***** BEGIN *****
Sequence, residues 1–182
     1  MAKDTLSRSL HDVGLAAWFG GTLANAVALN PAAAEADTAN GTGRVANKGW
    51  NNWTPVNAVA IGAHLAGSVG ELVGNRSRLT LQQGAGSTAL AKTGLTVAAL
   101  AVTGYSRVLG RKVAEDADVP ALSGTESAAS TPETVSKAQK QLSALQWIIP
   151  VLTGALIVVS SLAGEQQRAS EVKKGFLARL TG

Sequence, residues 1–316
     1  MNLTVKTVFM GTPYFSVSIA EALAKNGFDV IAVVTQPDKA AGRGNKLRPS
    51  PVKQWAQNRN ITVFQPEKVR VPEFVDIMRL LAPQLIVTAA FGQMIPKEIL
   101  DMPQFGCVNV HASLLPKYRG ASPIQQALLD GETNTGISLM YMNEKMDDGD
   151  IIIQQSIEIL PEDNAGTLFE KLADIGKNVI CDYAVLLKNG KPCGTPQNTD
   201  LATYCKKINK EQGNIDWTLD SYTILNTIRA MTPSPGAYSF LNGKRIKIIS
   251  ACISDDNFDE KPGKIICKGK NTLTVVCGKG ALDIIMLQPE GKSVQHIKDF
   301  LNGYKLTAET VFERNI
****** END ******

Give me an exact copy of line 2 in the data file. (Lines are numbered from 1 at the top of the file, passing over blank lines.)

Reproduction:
     1  MAKDTLSRSL HDVGLAAWFG GTLANAVALN PAAAEADTAN GTGRVANKGW